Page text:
The following article was published by Vatican Insider soon after the Summorum Pontificum pilgrimage to Rome, in November. Its translation was recently sent to us by a reader.______________________
The precursors of the Motu proprio "Summorum Pontificum"
Cardinal Castrillon Hoyos speaks about Cardinal Stickler and Michael Davies, who promoted the revival of the ancient liturgy
The pilgrimage of the Summorum Pontificum people did not end only with a religious moment, the pontifical in the extraordinary ritecelebrated at the chair of St. Peter’s basilica by the Prefect of Divine Worship, Cardinal Antonio Cañizares Llovera, and greeted by a message from the Pope to the faithful, but was followed by a more "secular" evening event: a conference organized by Centro Culturale Lepanto (CCL) led by Fabio Bernabei at the Centro Russia Ecumenica in Borgo Pio: “They lived in expectation of Summorum Pontificum: Cardinal Alfons Stickler (1910-2007) - Dr. Michael Davies (1936-2004)”.
The aim was to commemorate two late personalities, a cardinal and a simple self-taught layman, who with their work laid the foundations for the subsequent promulgation of the motu proprio Summorum Pontificum. “The two personalities forming the object for reflection of qualified speakers, with their tireless efforts have certainly represented the authentic precursors of that time of grace that we are living since the enforcement of the motu proprio Summorum Pontificum of the Holy Father Benedict XVI”, said His Eminence Cardinal Dario Castrillon Hoyos, who was unable to attend, in the message he wanted to send to the participants.
After a brief introduction by CCL president Bernabei, the floor was taken by the president of the International Una Voce Federation (FIUV), Leo Darroch, a close friend of Michael Davies, who recalled his personal and intellectual qualities, and especially his extensive work as an apologetic writer in defense and promotion of the traditional liturgy, which perhaps made him “the most influential author on the liturgy and traditions of the Church in the last 50 years”.
In particular, Darroch highlighted the deep bonds of esteem and confidence which bound him to the then Cardinal Joseph Ratzinger, who at the news of the death of Davies in his message of condolence remembered him as “a man of deep faith … (that) put all his energy into the service of the Faith and left us important publications especially on the Sacred Liturgy… he always truly remained a man of the Church… So we can be very confident that the Lord opened wide for him the gates of heaven”.
The Salesian Cardinal Raffaele Farina came next and recalled the figure of his confrere Cardinal Alfonso Stickler, also a Salesian, as “a faithful servant of the Church and science”. Although he soon asserted himself as a leading expert in canon law, the late Cardinal was always a simple and joyful person.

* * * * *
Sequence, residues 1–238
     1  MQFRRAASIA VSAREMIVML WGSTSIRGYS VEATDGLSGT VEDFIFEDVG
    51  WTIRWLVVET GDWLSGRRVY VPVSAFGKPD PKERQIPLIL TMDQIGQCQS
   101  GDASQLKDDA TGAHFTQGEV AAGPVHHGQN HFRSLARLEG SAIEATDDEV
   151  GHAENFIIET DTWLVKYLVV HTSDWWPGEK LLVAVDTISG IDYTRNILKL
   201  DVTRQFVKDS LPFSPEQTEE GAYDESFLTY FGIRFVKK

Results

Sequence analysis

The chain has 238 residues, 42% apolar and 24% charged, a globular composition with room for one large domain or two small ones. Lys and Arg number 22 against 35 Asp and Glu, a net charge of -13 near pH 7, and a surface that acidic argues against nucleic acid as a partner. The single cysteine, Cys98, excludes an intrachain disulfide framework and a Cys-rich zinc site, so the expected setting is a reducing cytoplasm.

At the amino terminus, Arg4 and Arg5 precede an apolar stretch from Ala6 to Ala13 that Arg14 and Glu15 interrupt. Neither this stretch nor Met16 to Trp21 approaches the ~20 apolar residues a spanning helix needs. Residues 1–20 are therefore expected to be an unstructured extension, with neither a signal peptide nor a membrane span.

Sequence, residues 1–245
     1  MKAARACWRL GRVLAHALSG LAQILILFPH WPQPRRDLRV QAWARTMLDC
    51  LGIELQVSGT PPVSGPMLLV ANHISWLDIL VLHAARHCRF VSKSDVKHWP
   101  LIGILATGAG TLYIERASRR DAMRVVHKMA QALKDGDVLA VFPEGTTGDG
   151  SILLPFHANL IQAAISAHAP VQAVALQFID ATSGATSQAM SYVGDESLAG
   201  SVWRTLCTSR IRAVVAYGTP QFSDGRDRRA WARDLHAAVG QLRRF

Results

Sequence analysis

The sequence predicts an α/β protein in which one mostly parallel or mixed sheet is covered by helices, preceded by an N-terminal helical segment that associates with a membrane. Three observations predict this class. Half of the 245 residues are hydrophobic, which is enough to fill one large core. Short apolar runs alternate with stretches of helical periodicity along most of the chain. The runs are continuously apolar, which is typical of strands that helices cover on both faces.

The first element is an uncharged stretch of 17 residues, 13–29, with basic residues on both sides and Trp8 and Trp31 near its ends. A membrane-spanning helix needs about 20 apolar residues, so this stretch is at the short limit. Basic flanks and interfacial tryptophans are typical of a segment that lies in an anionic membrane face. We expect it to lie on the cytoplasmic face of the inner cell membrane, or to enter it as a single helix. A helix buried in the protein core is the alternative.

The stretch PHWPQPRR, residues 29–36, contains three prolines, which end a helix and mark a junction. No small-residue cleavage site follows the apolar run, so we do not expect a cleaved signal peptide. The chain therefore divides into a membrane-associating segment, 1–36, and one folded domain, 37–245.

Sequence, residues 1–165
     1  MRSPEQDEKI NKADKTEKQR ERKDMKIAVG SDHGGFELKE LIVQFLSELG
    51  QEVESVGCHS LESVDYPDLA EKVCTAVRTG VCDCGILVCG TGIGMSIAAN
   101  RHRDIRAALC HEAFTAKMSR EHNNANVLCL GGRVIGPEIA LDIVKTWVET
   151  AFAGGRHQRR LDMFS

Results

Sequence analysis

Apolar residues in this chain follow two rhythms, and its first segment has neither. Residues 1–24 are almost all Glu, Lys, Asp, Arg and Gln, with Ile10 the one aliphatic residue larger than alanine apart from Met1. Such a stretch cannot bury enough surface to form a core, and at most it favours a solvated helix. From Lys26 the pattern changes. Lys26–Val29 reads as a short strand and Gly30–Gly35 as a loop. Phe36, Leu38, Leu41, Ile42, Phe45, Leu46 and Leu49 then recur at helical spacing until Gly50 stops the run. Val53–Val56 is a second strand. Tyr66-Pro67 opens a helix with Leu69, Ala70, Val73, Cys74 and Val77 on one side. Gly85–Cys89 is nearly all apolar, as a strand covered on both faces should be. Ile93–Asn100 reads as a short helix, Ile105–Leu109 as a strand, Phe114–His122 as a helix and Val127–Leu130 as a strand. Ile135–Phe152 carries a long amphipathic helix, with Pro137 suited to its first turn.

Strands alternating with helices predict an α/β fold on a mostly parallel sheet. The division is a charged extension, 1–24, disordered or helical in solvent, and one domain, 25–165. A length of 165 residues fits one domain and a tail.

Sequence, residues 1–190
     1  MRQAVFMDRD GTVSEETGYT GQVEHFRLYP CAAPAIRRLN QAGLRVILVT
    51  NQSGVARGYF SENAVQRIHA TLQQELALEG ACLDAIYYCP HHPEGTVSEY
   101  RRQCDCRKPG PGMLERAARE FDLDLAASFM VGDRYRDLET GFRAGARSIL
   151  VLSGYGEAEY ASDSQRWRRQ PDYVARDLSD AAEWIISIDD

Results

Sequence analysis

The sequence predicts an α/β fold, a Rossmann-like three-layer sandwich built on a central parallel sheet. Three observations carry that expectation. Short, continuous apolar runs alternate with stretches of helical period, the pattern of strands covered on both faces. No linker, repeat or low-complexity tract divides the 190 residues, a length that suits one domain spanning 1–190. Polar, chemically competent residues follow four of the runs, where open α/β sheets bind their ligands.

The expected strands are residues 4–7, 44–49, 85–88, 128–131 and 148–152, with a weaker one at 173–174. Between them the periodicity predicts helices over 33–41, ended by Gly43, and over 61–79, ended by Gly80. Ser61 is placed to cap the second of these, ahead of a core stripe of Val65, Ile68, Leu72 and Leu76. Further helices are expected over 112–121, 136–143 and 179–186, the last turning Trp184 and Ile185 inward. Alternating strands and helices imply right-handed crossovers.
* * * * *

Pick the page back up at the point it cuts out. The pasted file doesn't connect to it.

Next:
In essence, he remained always a Salesian, faithful to the Salesian vows and ideals: the Eucharist, Mary Help of Christians, the Pope, and in his case, St. Joseph, his favorite saint. “This friend of ours”, said Benedict XVI in his funeral homily on December 14, 2007, referring to his late colleague, to whom he was bound by a deep respect and friendship.
The other interventions included that of the secretary of the FIUV, Thomas Murphy, who reminded the guests the genesis and development of the organization, while that of Monsignor Ignacio Barreiro Carambula, director of Human Life International Roman, because of his sudden hospitalization, was read out by a confrere, Father Mark Hausmann. The FIUV is now truly active at global level, after his phenomenal growth in particular from the promulgation of the motu proprio Summorum Pontificum in July 2007, and today operates in 33 countries on five continents.
Monsignor Barreiro instead returned to recall the figure of Cardinal Stickler and the active role that he played in his time on the preservation of the ancient rite, in the sense of practicing what he was preaching, viz, by not only upholding its full legitimacy as a rite never abrogated, but also celebrating it personally, as when he did on May 12, 1996, with over 4,000 faithful in attendance in the cathedral of New York upon invitation of Cardinal John O'Connor.
Finally, the eldest son of Michael Davies, Adrian, recalled how his father, a convert from the Anglican church, noticed the significant drop in conversions in the decades following the liturgical reform.
This trend was reversed with the return to its tradition favored by the current pontificate. “I'm sure my father would have been delighted to see the partial rehabilitation of the old rite under Pope Benedict, whom he held in great esteem as Cardinal Ratzinger”, he said. “And I am very sad that my father did not live long enough to see his election to the throne of Peter. He'll be certainly doing so now from a more privileged position, and with all his approval”.